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1 - 20 of 119

NIHCM Foundation. Washington DC: National Institute for Health Care Management. August 2, 2022.

Preventable maternal morbidity is an ongoing challenge in the United States. This infographic shares general data and statistics that demonstrate the presence of racial disparities in maternal care that are linked to structural racism. The resource highlights several avenues for improvement such as diversification of the perinatal staffing and increased access to telehealth.
Wiering B, Lyratzopoulos G, Hamilton W, et al. BMJ Qual Saf. 2022;31:579-589.
Delays in cancer diagnosis and treatment can lead to significant morbidity and mortality. This retrospective study linking data reflecting primary and secondary care as well as cancer registry data found that only 40% of patients presenting with common possible cancer features received an urgent referral to specialist care within 14 days. Findings revealed that a significant number of these patients developed cancer within one year. 

117th Congress 2d Session. June 21, 2022.

Strengthening diagnostic error research and training can lead to sustained diagnostic improvement. Expanding upon legislation introduced in 2020, the “Improving Diagnosis in Medicine Act of 2022” would establish research centers of diagnostic excellence, an interagency council on improving diagnosis in healthcare, and fellowship and training grants in diagnostic safety, as well as convene an expert panel on diagnostic error measurement and data collection and prioritize stakeholder engagement across all activities.
Gupta K, Szymonifka J, Rivadeneira NA, et al. Jt Comm J Qual Patient Saf. 2022;Epub May 28.
Analysis of closed malpractice claims can be used to identify potential safety hazards in a variety of clinical settings. This analysis of closed emergency department malpractice claims indicates that diagnostic errors dominate, and clinical judgment and documentation categories continue to be associated with a higher likelihood of payout. Subcategories and contributing factors are also discussed.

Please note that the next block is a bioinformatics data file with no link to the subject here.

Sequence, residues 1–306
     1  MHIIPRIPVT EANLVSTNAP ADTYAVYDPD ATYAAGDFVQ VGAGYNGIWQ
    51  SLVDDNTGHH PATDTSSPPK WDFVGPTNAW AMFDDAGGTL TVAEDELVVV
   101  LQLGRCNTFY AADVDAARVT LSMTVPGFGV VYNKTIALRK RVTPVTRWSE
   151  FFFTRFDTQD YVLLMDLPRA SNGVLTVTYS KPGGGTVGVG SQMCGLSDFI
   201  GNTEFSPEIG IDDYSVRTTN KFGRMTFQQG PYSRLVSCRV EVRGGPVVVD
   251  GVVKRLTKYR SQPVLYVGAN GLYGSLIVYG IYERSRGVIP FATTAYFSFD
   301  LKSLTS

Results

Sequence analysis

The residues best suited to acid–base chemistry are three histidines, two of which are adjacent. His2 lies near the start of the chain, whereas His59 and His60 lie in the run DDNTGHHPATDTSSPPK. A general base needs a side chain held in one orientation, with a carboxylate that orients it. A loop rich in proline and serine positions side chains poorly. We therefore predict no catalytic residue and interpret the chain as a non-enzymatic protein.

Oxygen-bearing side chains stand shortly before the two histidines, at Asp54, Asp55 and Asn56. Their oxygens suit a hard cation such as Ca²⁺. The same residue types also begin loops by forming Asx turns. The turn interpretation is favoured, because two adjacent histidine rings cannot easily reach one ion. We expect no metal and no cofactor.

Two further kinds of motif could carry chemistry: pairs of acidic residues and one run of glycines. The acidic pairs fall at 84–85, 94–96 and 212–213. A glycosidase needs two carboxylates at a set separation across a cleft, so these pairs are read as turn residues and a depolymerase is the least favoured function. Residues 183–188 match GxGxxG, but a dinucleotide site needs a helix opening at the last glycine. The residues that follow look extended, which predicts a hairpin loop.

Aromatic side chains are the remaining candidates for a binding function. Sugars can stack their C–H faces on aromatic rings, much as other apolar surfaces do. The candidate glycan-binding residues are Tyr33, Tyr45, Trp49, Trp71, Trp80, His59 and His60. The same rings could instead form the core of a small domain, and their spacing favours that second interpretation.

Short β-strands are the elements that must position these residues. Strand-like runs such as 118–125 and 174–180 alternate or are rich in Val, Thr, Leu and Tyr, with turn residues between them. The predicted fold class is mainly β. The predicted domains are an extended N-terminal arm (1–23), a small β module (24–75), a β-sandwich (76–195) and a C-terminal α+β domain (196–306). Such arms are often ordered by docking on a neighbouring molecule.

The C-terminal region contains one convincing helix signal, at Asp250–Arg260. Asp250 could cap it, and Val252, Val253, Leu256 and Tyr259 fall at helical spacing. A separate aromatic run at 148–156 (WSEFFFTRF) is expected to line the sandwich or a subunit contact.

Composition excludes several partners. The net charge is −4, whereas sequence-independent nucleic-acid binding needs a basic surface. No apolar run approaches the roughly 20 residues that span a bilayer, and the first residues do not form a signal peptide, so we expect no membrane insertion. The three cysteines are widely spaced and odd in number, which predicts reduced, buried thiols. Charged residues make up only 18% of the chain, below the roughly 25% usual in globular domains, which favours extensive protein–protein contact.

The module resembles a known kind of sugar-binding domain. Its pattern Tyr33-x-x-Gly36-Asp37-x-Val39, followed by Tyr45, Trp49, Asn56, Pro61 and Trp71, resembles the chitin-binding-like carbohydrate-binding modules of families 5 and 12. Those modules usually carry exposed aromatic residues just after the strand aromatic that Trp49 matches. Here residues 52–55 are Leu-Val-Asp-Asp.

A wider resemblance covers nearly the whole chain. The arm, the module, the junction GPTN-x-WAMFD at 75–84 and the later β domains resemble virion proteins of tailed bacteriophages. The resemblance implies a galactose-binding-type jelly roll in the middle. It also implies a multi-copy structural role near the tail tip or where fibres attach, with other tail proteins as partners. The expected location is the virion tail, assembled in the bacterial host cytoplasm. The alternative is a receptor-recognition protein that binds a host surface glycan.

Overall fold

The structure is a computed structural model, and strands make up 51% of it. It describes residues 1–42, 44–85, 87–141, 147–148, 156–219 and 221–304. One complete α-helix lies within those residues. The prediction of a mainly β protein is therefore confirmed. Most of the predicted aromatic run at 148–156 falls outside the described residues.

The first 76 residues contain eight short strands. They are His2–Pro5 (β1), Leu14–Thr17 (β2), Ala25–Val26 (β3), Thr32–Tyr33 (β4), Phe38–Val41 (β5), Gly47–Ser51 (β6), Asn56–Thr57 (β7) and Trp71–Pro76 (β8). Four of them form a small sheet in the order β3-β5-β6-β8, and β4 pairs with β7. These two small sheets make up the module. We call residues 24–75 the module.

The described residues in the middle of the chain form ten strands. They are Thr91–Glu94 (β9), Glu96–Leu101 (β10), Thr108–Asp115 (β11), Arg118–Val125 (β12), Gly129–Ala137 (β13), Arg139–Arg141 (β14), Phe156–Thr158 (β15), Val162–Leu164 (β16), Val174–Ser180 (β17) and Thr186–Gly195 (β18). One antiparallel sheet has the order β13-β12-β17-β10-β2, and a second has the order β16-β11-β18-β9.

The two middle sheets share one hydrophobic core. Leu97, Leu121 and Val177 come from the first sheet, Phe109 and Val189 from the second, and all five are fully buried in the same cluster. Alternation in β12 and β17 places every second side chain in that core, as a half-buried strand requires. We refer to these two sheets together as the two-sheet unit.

Graber ML, Holmboe ES, Stanley J, et al. Diagnosis (Berl). 2022;9:166-175.
In 2019, a consensus group identified twelve competencies to improve diagnostic education. This article details next steps for incorporating competencies into interprofessional health education: 1) Developing a shared, common language for diagnosis, 2) developing the necessary content, 3) developing assessment tools, 4) promoting faculty development, and 5) spreading awareness of the need to improve education in regard to diagnosis.
Morsø L, Birkeland S, Walløe S, et al. Jt Comm J Qual Patient Saf. 2022;48:271-279.
Patient complaints can provide insights into safety threats and system weaknesses. This study used the healthcare complaints analysis tool (HCAT) to identify and categorize safety problems in emergency care. Most problems arose during examination/diagnosis and frequently resulted in diagnostic errors or errors of omission.
Shenoy A, Shenoy GN, Shenoy GG. Patient Saf Surg. 2022;16:10.
Defensive medicine refers to clinician behaviors with the intent to avoid malpractice risk due to care omissions. This article provides an overview of defensive medicine and its relationship to the taxonomies of medical errors and the risks that defensive medicine places on patients, hospital administrators, and systems, as well as clinicians.
Khoong EC, Sharma AE, Gupta K, et al. J Gen Intern Med. 2022;37:1270-1274.
In response to concerns about COVID-19 transmission, many ambulatory care visits have transitioned to telehealth visits. This commentary describes the impact of telehealth on diagnostic errors and medication safety in ambulatory settings. Recommendations to further understand the impact of telemedicine on patient safety include: systematically measuring patient safety outcomes and increasing reporting of safety incidents; identifying the patients and clinical scenarios with the greatest risk of unsafe telehealth care; identifying and supporting best practices to ensure equal access to safe telehealth.
Rosenkrantz AB, Siegal D, Skillings JA, et al. J Am Coll Radiol. 2021;18:1310-1316.
Prior research found that cancer, infections, and vascular events (the “big three”) account for nearly half of all serious misdiagnosis-related harm identified in malpractice claims. This retrospective analysis of malpractice claims data from 2008 to 2017 found that oncology-related errors represented the largest source of radiology malpractice cases with diagnostic allegations. Imaging misinterpretation was the primary contributing factor.